State v. Humphries

Decision Date15 August 2019
Docket NumberNo. A-1-CA-37752,A-1-CA-37752
PartiesSTATE OF NEW MEXICO, Plaintiff-Appellee, v. PHILLIP HUMPHRIES, Defendant-Appellant.
CourtCourt of Appeals of New Mexico

This decision of the New Mexico Court of Appeals was not selected for publication in the New Mexico Appellate Reports. Refer to Rule 12-405 NMRA for restrictions on the citation of unpublished decisions. Electronic decisions may contain computer-generated errors or other deviations from the official version filed by the Court of Appeals.


Benjamin Chavez, District Judge

Hector H. Balderas, Attorney General

Santa Fe, NM

for Appellee

Bennett J. Baur, Chief Public Defender

Kimberly M. Chavez Cook, Assistant Appellate Defender

Santa Fe, NM

for Appellant


VARGAS, Judge.

{1} Defendant has appealed following his convictions for trafficking (possession of a controlled substance with intent to distribute), careless driving, driving while license suspended, driving without vehicle registration, and driving without insurance. We previously issued a notice of proposed summary disposition in which we proposed to uphold the convictions. Defendant has filed a memorandum in opposition. After due consideration, we remain unpersuaded. We therefore affirm.

{2} The pertinent background information has previously been set out at length. We will avoid unnecessary repetition here, and instead focus on the content of the memorandum in opposition.

{3} First, Defendant renews his argument that the district court erred in denying his untimely motion to suppress. [MIO 3, 9-15] In his memorandum in opposition Defendant clarifies his underlying argument, explaining that the officer's stated basis for the traffic stop changed over time: initially, the officer contended that Defendant had been driving eastbound in a westbound lane of traffic; but later, the officer indicated that he had merely observed Defendant "turn eastbound from a side road onto westbound Central," [MIO 12] and "across the westbound lanes . . . at somewhat of an angle" [MIO 4] prior to entering a parking lot. [MIO 13] Although we appreciate the clarification, it does not enhance the persuasive value of the motion. Regardless of the nuances, the fact remains that the officer observed Defendant driving eastbound in a westbound lane, [MIO 4-5, 12-13] such that the officer had a reasonable basis to believe that Defendant had committed a traffic violation by "driving the wrong direction" in that lane, as the officer had previously explained. [MIO 12] See NMSA 1978, § 66-7-308(A) (1978) ("Upon all roadways of sufficient width a vehicle shall be driven upon the right half of the roadway, and where practicable, entirely to the right of the center thereof[.]"). We note that the officer's observations would also support a reasonable suspicion that Defendant had executed an improper turn, and/or was driving carelessly. See NMSA 1978, § 66-8-114(B) (1978) (defining careless driving to include the operation of a vehicle in an imprudent manner, without due regard for corners and all other attendant circumstances); NMSA 1978, § 66-7-322 (1978) (describing the required position and method of turning at intersections); cf. State v. Salas, 2014-NMCA-043, ¶¶ 2, 14-15, 321 P.3d 965 (holding that an officer's observation of the defendant's "erratic driving," including his sudden left turn into a driveway from the far right lane, thereby crossing over multiple lanes of traffic, gave rise to "legitimate and reasonable suspicion that lane and illegal turn-related traffic offenses occurred" such that the traffic stop was justified). Insofar as any or all of these considerations would supply a valid basis for the stop, the untimely motion to suppress was without merit. See State v. Farish, 2018-NMCA-003, ¶¶ 7, 16, 410 P.3d 239 (observing that an officer may stop a vehicle if he or she is aware of specific facts, together with rational inferences from those facts, that when judged objectively would lead a reasonable person to believe that the motorist violated a traffic law; and explaining that as a reviewing court, we consider the facts in the record to determine whether they could support reasonable suspicion of a violation of the Motor Vehicle Code on any grounds). We therefore reject Defendant's first assertion of error. Cf. State v. Richardson, 1992-NMCA-112, ¶ 5, 114 N.M. 725, 845 P.2d 819 (rejecting an assertion of reversible error premised on a meritless suppression argument), abrogated on other grounds by Allen v. LeMaster, 2012-NMSC-001, 267 P.3d 806.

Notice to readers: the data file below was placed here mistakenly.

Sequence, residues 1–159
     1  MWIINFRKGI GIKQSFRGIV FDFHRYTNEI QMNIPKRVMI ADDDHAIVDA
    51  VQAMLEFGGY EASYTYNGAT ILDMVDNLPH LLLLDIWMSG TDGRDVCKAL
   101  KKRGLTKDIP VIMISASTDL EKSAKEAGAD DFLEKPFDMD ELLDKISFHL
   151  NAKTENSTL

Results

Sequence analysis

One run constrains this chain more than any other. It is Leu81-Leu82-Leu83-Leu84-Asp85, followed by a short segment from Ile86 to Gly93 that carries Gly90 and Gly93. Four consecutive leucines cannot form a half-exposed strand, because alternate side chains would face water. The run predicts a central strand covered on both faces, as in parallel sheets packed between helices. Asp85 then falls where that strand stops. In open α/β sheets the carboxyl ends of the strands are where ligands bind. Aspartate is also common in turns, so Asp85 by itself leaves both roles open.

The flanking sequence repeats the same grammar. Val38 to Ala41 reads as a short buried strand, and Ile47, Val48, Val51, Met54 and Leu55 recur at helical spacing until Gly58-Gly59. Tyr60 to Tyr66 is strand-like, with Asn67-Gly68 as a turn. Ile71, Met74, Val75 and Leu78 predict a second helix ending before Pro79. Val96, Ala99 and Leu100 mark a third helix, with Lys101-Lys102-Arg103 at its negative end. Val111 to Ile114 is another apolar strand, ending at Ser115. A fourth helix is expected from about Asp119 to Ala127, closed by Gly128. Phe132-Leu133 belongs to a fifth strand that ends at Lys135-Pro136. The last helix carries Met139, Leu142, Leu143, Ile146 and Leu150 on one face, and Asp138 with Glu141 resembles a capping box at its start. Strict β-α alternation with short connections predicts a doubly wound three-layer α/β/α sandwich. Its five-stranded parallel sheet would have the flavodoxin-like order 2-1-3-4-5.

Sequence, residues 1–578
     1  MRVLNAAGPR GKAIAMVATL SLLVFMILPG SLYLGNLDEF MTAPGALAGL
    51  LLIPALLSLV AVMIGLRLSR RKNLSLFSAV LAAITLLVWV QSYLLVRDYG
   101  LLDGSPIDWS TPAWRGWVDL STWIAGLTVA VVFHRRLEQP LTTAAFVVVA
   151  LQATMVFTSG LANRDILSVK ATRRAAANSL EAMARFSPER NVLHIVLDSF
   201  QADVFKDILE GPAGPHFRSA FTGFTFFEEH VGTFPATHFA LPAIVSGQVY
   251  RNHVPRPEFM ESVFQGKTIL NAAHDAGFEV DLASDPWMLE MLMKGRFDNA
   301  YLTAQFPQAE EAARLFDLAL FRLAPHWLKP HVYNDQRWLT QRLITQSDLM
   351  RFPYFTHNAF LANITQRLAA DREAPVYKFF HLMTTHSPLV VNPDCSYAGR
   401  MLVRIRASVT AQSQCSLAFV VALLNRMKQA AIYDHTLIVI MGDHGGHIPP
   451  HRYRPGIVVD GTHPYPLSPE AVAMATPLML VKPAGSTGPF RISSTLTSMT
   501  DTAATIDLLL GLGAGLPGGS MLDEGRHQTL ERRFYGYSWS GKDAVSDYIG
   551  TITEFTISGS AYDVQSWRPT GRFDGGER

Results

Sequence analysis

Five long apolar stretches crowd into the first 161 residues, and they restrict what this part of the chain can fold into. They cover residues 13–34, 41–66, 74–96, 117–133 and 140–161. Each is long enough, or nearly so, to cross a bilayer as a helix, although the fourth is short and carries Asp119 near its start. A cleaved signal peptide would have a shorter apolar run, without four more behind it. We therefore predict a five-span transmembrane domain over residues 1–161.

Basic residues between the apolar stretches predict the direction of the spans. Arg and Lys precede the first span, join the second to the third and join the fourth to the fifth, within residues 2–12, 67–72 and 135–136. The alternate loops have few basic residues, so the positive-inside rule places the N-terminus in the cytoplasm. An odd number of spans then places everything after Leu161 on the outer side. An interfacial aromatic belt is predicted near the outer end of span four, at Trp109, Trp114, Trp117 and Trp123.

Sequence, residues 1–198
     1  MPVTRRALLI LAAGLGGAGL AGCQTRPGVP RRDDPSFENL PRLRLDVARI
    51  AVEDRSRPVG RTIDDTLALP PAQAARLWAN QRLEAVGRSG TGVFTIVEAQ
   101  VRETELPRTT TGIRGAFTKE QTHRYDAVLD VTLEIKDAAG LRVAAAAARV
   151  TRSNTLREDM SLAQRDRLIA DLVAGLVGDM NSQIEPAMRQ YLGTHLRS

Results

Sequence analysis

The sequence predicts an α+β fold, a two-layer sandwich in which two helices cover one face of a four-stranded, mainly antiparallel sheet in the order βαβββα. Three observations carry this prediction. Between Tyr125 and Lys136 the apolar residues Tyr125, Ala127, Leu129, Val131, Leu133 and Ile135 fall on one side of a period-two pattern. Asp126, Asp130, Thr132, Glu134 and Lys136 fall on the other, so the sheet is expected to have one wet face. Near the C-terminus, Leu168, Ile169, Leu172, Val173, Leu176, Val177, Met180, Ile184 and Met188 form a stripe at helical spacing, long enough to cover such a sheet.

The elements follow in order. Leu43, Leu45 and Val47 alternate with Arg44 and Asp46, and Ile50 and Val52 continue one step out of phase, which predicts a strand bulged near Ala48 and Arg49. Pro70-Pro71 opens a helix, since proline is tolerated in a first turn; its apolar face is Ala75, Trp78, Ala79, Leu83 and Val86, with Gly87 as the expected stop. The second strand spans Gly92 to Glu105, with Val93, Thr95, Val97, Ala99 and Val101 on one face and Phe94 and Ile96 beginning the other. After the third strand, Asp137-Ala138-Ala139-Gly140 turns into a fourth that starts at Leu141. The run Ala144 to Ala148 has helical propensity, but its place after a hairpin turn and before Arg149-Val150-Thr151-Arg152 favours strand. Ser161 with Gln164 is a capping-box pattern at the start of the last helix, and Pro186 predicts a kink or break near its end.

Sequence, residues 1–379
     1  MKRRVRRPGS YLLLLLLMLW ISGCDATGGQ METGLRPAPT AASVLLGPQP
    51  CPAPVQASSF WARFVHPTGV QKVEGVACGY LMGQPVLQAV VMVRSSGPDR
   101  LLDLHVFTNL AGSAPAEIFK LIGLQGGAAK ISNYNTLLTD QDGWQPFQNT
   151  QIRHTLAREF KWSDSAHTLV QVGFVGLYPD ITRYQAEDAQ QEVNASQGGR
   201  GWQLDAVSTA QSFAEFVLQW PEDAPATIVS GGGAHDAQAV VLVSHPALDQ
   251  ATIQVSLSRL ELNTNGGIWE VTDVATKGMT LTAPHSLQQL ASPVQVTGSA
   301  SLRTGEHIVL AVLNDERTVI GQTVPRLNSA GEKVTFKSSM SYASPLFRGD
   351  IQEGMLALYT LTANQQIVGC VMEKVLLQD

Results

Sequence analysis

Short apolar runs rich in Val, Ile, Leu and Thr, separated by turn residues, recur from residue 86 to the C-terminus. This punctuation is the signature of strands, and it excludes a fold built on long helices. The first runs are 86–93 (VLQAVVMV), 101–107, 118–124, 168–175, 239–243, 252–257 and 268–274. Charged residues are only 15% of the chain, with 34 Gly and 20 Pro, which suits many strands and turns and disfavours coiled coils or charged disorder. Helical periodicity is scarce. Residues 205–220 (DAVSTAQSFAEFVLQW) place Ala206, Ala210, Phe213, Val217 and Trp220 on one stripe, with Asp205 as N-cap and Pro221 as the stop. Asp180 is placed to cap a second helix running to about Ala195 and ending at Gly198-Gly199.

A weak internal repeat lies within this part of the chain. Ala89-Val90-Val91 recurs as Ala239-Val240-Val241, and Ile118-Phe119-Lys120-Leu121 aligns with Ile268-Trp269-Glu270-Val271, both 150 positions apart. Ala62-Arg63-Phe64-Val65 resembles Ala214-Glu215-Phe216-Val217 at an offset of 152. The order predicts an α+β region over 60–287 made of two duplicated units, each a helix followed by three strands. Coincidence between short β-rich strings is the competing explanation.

{4} Next, Defendant renews his challenge to the sufficiency of the evidence to support his conviction for trafficking, specifically and exclusively arguing that the State failed to establish possession and intent to distribute. [MIO 15-18] However, as described at greater length in the notice of proposed summary disposition. [CN 4-5] theevidence of Defendant's control over the vehicle, the presence of his personal effects in close proximity to the methamphetamine located therein, and his incriminating statements to the officer all supplied compelling evidence of Defendant's possession and intent to distribute....

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